Architecture as an industry is becoming far more technically oriented than we have ever thought before. It appears as the beginning of the 4th Wave of the Industrial Revolution, marked by digitization and data utilization. BIM and Scripting are becoming the norm of future architectural production, and 3D printing is one of the growing trends at the conjecture of Architecture, Construction, and Product Design. The material experimentation undertaken in the realm of 3d printing is phenomenal, with a few basic materials such as clay and concrete used for 3d printing construction, a growth from using just poly-filament. 

3D-Printed Bridge Made of Concrete Blocks designed by Zaha Hadid Architects - Sheet1
Over and Under the Bridge_©Naaro / https://www.archpaper.com/2021/07/zaha-hadid-architects-striatus-3d-printed-concrete-arch-bridge-in-venice/

One of the most recent examples as of June 2021; is Striatus: a 3D printed concrete bridge in Venice, Italy, developed by the Computation and Design Group of Zaha Hadid Architects (ZAHACODE) with the Block Research Group (BRG) of the ETH Zurich, and further collaborated with incremental3D (in3D), Ackermann GmbH, and Holcim. The Pavillion displayed is at the Giardino Della Marinaressa, during the 2021 Venice Architecture Biennale. 

The Collaboration between Block Research Group and Zaha Hadid Architects focussed on refining the structural engineering, logistics, assembly, and construction of the footbridge; to achieve the final product showcased at the Venice Biennale

Project Characteristics

3D-Printed Bridge Made of Concrete Blocks designed by Zaha Hadid Architects - Sheet2
Connecting Components_©Tom Van Mele / https://design-milk.com/zaha-hadid-architects-design-a-3d-printed-bridge-made-of-concrete-blocks/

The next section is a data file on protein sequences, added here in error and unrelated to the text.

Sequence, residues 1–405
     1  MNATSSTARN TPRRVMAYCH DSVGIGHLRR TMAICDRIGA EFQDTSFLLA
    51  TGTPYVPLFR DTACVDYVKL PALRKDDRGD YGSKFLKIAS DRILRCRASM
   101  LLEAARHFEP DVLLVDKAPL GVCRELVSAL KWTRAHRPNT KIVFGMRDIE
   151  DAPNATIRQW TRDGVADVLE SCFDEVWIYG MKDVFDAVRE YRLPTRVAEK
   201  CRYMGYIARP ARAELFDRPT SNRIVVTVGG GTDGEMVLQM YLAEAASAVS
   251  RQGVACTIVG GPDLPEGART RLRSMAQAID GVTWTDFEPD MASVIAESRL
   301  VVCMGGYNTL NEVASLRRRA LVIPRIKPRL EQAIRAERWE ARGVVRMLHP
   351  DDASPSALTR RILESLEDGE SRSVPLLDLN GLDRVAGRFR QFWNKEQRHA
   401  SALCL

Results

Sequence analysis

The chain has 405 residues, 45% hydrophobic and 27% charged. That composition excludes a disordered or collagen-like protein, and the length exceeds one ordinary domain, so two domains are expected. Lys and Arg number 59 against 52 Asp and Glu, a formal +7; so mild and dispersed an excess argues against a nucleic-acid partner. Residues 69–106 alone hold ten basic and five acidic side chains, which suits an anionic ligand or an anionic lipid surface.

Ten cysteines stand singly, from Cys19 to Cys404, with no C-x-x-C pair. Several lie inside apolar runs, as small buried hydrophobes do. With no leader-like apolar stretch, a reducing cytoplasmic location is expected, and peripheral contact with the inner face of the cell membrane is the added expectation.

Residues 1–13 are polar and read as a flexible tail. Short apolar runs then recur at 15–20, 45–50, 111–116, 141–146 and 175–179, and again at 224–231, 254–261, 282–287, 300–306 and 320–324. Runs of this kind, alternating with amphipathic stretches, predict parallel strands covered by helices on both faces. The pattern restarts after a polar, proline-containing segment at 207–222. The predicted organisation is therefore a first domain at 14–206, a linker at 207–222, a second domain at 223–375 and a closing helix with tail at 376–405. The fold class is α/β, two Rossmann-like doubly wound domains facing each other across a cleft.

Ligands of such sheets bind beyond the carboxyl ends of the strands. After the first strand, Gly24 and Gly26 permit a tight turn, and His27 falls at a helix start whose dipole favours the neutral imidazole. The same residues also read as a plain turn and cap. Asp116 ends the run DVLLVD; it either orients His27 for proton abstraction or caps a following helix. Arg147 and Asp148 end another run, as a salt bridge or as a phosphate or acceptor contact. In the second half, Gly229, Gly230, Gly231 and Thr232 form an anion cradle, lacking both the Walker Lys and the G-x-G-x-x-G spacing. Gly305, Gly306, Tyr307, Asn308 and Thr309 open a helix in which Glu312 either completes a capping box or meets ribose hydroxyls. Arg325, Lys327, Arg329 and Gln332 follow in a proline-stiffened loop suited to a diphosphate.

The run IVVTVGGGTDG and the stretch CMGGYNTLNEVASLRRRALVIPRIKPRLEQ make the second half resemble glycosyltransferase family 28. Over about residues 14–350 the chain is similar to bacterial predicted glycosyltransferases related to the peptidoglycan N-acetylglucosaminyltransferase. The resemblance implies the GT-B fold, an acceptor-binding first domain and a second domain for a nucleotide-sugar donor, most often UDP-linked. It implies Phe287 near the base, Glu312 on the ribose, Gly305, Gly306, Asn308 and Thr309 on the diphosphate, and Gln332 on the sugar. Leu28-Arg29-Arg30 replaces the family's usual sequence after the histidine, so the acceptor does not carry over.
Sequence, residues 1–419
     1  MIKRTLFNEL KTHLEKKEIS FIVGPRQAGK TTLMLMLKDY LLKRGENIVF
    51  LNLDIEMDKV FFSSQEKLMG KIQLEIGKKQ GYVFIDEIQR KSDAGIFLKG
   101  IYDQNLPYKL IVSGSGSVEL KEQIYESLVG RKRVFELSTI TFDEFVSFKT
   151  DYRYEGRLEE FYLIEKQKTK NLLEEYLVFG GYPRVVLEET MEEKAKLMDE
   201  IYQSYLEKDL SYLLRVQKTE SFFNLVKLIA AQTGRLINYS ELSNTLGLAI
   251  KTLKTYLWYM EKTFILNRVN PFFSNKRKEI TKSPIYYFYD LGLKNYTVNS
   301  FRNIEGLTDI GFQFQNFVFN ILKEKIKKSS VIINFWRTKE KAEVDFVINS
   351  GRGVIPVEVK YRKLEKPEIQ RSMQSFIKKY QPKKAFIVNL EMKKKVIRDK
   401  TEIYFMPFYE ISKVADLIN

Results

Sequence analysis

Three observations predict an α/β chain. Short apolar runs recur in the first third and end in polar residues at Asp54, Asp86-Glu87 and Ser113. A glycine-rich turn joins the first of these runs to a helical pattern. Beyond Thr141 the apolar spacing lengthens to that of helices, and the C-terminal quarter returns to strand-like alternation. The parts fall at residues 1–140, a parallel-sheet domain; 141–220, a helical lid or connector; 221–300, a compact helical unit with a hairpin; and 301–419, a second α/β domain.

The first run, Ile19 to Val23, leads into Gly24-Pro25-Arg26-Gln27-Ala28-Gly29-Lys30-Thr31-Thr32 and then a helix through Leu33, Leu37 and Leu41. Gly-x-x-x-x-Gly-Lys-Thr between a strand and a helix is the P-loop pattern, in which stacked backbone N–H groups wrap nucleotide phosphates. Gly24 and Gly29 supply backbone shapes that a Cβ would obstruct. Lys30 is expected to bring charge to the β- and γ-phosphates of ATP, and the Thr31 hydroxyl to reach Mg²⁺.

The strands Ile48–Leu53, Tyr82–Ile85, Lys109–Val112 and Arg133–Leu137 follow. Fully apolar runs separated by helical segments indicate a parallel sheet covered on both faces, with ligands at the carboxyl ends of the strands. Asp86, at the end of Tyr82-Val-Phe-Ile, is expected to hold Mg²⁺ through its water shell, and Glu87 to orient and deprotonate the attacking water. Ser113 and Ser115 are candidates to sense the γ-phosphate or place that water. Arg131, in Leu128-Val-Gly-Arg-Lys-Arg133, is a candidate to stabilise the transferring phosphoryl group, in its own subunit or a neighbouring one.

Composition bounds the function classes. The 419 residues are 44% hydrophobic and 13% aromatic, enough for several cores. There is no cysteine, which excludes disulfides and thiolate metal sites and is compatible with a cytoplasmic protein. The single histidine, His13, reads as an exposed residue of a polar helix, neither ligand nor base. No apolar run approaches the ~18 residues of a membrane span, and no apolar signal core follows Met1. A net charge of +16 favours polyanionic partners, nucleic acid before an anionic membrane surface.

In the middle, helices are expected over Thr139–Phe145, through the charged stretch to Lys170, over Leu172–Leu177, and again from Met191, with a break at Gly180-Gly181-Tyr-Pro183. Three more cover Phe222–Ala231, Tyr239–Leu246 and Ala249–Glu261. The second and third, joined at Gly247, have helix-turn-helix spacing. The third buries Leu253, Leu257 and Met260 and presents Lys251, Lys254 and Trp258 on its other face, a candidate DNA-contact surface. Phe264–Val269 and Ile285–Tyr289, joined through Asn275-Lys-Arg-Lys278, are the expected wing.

Designed by Zaha Hadid Architects, Striatus is an arched masonry footbridge, and a load-bearing structure composed of concrete blocks that have been 3D-Printed and assembled, removing the need to induce any form of mortar or reinforcement; making it the first of a kind. 

The footbridge measures 16m*12m (52 ft. x 40 ft.) and is a great example of a fusion between traditional vaulted construction techniques, advanced computational design, engineering design, digital concrete fabrication, and robotic manufacturing technologies. The freestanding and unreinforced pedestrian footbridge consists of 53 3D-printed concrete blocks; with the structure providing easy manoeuvring for a leisurely walking experience. 

The foremost aim of this project was to substantially reduce the environmental impact caused by the CO2 emissions of concrete structures. Therefore, the material developed is a newer type of concrete, used for the additional construction. 

The footbridge displays a masonry style and is a compression-only structural typology, which results in its stability. Due to the “Striated” funicular geometry, it is created from; the project is named “Striatus”: a homage to the physical form typology that makes the structure stand out in multiple aspects. 

The highly unique design also allows the forces occurring on the structure to travel to its footings and are tied on the ground to provide its stability. 

Construction Method

3D-Printed Bridge Made of Concrete Blocks designed by Zaha Hadid Architects - Sheet3
Final Assembly_©Tom Van Mele / https://design-milk.com/zaha-hadid-architects-design-a-3d-printed-bridge-made-of-concrete-blocks/

For the production of its panels, and its assembly; the application of the concrete is not horizontal, but at right angles to the flow of its compression forces, allowing the 3d-fabricated blocks to be pressed properly with themselves, avoiding the need to induce reinforcement or post-tensioning. This particular method of 3D concrete printing reduces production waste via printing the material only where structurally necessary.

The objective of the Project